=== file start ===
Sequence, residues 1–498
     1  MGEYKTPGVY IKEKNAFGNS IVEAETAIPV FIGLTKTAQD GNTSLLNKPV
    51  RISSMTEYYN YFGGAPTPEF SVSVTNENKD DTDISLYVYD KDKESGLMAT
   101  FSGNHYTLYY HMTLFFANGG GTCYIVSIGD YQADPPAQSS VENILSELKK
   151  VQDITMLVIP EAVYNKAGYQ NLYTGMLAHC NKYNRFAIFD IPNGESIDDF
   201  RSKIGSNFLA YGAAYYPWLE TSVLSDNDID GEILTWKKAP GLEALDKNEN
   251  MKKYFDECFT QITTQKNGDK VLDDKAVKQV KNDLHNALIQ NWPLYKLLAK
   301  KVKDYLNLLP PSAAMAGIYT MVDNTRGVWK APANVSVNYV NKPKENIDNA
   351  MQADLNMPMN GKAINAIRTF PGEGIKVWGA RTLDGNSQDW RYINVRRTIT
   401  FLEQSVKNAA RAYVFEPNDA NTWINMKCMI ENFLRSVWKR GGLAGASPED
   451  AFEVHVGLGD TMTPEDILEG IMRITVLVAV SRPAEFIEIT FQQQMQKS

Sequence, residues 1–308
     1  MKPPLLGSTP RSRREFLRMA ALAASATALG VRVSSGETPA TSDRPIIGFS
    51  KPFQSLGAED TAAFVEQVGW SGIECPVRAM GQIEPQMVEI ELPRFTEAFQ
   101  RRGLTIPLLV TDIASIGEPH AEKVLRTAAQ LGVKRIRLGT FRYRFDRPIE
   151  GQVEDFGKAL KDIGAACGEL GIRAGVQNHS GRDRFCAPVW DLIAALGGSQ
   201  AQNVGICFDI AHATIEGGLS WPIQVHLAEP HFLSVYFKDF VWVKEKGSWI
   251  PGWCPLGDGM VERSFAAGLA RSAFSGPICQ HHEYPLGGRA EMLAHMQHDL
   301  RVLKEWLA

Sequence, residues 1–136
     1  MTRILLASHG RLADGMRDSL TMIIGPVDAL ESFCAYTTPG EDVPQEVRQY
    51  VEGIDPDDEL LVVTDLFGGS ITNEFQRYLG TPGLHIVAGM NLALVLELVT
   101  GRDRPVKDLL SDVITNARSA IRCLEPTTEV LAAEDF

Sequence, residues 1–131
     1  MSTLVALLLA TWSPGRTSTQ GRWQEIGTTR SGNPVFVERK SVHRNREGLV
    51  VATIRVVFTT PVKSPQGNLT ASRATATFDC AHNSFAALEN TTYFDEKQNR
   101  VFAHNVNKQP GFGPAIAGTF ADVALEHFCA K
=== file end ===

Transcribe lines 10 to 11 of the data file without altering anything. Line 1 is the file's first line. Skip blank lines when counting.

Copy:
   401  FLEQSVKNAA RAYVFEPNDA NTWINMKCMI ENFLRSVWKR GGLAGASPED
   451  AFEVHVGLGD TMTPEDILEG IMRITVLVAV SRPAEFIEIT FQQQMQKS